Saturday, January 19, 2008

Picture Perfect! (That one's for Amy -- the one-size-fits-all overline)

NOTE: I have since come to the realization (thanks to T-Shirt Face) that I probably should have the umbrellas turned the other way, with the light reflecting off of them. If that's the case, boy do I feel dumb.

I sell stuff online (here). One of the key issues with selling online is that you must have good pictures. Customers can't see your items in person. They can't feel them or examine them. You must entice them to consider your products through photos alone -- often a thumbnail, at that.

It's really hard to get good lighting and a good background indoors. You may think it's bright enough, but it's not. And your flash will just make shadows. You know when you visit a Web site and the items look like they're floating on a white background? Well, that's not easy to accomplish.

I usually photograph outdoors because the sun's light is very flattering and true to color. I also like the nature background. There are several problems, though, that come with photographing outside:
1. You're at the mercy of the weather. If it's rainy or snowy or windy or too overcast, you can't shoot.
2. The background gets drab in the winter. The vivid grass is a dull brown. The full trees are bare.
3. Where the sun is in the sky makes a difference. When it's directly overhead, it casts shadows. If it's too low, it can be too red and bright, glaring off the items.

From Thanksgiving through much of December it was unusually overcast for New Mexico. This made my photos dark. Then it got extremely cold - and windy. In the spring, it will warm up but we'll have the typical New Mexico spring winds for a while. This leaves me only about half of the year when I can depend on good weather.

Which brings me to the point of my post: how to shoot inside?
I decided to attempt a very low-cost photo studio. It would have to be something I can take down between uses and set up easily. It would have to involve a white background that would look smooth, yet fold up small and not crease for the next use. It would require good lighting, but not something that would make shadows. Most of all, it would have to be cheap. Really cheap.

First I considered a white vinyl shower curtain liner for my backdrop. I was a bit unsure how to hang it or where. I would want it to also drape down to serve as the bottom of the photo site. I bought one and opened it up, and of course it was full of creases. I steamed and steamed it, and some creases came out. But then I had a better idea: A window shade. They roll up -- no creases and compact! I bumped into a woman on etsy who was selling her two barely used photography umbrellas. They are tiny -- perfect size for me and $10 for both. Once upon a time, my dad gave me a clip on lamp with heat bulb for my pets, but I never used it. I got a regular bulb and another clip light. But how to attach the umbrellas?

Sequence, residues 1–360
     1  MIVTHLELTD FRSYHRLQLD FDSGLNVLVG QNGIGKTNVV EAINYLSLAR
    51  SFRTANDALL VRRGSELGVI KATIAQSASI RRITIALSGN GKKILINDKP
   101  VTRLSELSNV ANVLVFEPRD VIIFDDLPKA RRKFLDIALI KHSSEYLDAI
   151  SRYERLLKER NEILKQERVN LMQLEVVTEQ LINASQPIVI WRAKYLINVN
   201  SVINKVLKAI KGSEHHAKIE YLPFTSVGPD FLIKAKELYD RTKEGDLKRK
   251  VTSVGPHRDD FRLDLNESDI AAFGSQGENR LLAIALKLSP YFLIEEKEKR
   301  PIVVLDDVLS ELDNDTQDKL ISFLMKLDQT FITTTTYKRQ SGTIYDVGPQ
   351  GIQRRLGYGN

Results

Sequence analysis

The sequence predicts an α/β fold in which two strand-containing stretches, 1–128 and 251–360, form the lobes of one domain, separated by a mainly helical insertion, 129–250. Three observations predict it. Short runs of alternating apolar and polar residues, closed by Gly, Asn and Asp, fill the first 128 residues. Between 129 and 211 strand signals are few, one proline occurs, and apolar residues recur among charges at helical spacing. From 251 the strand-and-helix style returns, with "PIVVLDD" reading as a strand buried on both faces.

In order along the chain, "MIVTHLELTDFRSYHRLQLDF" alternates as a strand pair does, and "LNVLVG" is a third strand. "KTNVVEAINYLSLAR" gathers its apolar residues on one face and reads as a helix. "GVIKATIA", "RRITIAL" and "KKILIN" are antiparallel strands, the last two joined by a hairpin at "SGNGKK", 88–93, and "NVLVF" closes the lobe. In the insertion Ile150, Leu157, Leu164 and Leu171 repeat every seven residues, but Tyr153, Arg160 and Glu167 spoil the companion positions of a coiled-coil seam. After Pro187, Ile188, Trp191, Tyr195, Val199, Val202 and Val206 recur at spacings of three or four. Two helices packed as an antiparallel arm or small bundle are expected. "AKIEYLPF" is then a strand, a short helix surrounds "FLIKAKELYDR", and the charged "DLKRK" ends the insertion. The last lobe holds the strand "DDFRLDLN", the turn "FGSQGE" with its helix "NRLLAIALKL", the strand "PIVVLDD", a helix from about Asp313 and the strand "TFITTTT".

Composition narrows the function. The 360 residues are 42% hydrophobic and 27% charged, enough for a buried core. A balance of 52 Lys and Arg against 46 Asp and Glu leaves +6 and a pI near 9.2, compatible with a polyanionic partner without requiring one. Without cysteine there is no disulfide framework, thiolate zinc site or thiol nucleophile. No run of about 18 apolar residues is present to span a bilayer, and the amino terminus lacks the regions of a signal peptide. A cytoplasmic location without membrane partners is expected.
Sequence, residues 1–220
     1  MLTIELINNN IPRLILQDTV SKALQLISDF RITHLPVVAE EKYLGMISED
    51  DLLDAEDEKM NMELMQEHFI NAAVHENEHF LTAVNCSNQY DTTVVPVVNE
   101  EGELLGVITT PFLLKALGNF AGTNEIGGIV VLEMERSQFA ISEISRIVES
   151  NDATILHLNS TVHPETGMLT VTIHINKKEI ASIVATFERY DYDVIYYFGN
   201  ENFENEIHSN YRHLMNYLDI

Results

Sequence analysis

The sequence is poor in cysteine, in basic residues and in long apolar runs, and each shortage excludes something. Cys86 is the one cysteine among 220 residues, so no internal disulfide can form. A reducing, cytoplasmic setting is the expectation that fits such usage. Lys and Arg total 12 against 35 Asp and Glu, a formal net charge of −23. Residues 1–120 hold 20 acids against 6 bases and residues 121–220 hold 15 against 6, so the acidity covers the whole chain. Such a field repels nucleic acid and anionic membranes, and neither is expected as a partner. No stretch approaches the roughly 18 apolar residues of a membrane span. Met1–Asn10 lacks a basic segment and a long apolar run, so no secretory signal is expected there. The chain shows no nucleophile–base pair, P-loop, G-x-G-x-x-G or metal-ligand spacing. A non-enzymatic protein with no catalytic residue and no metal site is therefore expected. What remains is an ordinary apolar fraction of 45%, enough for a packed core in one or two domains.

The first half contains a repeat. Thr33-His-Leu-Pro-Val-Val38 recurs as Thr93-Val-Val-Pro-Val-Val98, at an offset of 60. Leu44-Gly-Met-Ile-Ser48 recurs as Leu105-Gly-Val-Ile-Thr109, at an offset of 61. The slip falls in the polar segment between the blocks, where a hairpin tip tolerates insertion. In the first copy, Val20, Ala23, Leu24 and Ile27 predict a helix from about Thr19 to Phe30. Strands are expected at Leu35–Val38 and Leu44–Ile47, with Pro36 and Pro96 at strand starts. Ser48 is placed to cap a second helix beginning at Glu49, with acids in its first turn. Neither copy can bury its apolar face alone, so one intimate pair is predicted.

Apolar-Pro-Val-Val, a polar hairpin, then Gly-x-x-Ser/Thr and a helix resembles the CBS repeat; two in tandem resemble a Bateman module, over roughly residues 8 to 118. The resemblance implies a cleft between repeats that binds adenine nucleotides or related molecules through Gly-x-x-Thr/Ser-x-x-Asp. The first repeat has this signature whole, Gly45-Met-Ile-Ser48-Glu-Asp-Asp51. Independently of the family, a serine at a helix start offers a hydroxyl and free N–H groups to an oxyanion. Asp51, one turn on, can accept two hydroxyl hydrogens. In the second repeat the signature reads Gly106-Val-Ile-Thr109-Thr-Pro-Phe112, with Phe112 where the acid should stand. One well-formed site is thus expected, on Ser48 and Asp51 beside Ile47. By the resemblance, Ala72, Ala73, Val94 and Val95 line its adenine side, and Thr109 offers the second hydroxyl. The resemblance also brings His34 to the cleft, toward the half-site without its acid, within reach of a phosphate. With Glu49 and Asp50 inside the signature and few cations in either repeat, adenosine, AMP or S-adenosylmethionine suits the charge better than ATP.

I decided to give it a try by draping the shade from the entertainment center. I clipped the lamps nearby and set the umbrellas between them and the "set."

I had read not to use the flash of my camera, but here is what I got without it:

and here is with the flash:

So, obviously my lighting is insufficient. The bulbs aren't bright enough, the umbrellas are dimming them too much, and there are still shadows.

I ended up using my photo editing software to brighten the back, but it almost looks fake.


I'm afraid that my story doesn't have a happy ending. I am not sure what to do. I need MORE LIGHT. I need to know where to position the lights. If anyone has tips, please comment!

1 comment:

T-shirt Face said...

You need much more light, and what amounts to 5500 deg Kelvin color temperature light. Something like these bulbs: